July 16, 2007
In the name of science
While I often complain in long posts about the way political arguments are dressed up as science, Virginia Postrel has articulated it very succinctly:
Scientists have gotten way too fond of invoking their authority to claim that "science" dictates their preferred policy solutions and claiming that any disagreement constitutes an attack on science. But, even assuming that scientists agree on the facts, science can only tell us something about the state of the world. It cannot tell us what policy is the best to adopt. Scientists' preferences are not "science." You cannot go from an "is" (science) to an "ought" (policy). Social science, particularly economics, can tell you something about the likely tradeoffs (hence some of my frustrations at Aspen). But it can't tell you which tradeoffs to make.How utterly true!
Unfortunately, many people who get into these debates tend to lose sight of the "oughts" and get caught up in debating the minutiae of scientific facts (more likely, summaries and pronouncements based on disputable facts). Many of these scientific claims are only beyond their understanding and training, but their access to them is pretty much limited by what is made commonly available in ordinary media sources. So, they're not even debating what "is" -- as they're not competent to decide. I'm not sure scientists are either, as I have seen far too many scientific positions revised and reversed. (Studying Paleontology in the early 1970s, I was taught that we were still in the Ice Age.) Nothing is constant. Debating science is an exercise in futility, and because there is so much theory involved, one might as well debate the unknown.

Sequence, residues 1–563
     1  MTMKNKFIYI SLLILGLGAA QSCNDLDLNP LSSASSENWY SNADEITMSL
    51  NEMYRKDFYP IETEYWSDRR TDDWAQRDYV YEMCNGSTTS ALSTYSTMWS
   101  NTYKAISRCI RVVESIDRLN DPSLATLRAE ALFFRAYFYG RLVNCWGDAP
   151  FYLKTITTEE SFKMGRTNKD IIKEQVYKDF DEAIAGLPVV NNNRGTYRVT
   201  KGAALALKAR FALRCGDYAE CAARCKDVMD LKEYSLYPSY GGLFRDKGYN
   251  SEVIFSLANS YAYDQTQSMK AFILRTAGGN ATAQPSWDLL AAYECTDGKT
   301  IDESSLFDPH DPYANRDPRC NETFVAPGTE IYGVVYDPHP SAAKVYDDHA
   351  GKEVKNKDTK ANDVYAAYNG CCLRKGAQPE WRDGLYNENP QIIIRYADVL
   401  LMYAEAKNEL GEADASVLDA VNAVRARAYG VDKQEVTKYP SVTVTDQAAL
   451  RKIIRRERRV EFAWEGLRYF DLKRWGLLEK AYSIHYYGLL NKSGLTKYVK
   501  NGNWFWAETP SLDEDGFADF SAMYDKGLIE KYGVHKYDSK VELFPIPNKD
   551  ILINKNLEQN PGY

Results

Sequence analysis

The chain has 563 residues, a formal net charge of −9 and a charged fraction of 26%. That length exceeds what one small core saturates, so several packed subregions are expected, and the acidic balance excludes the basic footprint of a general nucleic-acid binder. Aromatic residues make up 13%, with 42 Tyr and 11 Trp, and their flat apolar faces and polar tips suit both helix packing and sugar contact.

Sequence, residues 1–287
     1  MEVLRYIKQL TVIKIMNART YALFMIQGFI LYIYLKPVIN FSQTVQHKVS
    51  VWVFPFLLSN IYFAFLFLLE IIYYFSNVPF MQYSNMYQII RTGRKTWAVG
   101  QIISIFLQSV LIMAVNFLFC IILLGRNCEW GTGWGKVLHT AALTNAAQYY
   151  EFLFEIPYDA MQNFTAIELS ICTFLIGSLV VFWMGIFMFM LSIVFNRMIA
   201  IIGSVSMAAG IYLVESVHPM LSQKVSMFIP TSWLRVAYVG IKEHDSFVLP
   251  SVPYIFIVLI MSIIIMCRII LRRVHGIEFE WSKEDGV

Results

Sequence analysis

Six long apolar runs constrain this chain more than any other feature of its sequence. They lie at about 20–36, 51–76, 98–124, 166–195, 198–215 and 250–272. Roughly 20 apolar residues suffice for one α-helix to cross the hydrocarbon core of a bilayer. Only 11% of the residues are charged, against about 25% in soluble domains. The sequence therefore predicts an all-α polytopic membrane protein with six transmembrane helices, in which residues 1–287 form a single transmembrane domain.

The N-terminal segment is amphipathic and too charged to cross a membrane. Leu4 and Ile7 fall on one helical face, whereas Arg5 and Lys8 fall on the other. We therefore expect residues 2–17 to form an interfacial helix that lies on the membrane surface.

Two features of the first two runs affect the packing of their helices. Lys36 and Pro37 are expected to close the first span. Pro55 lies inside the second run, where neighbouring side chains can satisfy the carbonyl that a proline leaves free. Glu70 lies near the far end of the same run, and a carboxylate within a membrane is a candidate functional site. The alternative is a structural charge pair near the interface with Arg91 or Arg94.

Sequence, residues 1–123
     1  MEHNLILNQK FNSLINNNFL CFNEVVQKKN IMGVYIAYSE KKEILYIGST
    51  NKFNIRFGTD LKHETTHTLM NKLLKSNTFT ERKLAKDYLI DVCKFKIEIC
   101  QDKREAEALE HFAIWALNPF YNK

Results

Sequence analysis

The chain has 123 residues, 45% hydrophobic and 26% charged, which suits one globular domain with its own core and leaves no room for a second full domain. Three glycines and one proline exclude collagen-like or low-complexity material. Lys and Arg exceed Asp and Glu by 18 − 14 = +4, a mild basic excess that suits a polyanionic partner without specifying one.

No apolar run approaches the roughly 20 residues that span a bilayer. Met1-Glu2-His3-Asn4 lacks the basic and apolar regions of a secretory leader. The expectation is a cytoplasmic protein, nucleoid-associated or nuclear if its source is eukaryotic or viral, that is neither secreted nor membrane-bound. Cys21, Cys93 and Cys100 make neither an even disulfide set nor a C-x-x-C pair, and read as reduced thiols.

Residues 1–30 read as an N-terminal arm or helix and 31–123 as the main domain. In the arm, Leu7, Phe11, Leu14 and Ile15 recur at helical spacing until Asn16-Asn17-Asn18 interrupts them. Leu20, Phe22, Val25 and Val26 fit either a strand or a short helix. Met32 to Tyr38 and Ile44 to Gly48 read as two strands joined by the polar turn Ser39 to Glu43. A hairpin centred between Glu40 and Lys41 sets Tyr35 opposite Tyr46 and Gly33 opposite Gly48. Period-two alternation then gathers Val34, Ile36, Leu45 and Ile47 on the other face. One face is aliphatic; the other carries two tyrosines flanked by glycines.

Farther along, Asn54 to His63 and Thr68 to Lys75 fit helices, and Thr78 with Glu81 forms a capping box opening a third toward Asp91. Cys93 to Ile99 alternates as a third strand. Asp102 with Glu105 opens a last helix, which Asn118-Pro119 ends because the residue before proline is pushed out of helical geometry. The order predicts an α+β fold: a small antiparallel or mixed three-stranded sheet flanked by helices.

Injecting science into politics causes a lot of people to become distracted and lose sight of basic principles. Science and politics are both contaminated, resulting in hybridized pseudoscientific nonsense like the "Precautionary Principle" -- which is used to justify the subordination of the economy not to the free market (or even economists or politicians), but to the whims of environmentalists (an ill-defined group of often highly political people who like to call themselves scientists).
posted by Eric on 07.16.07 at 09:32 AM
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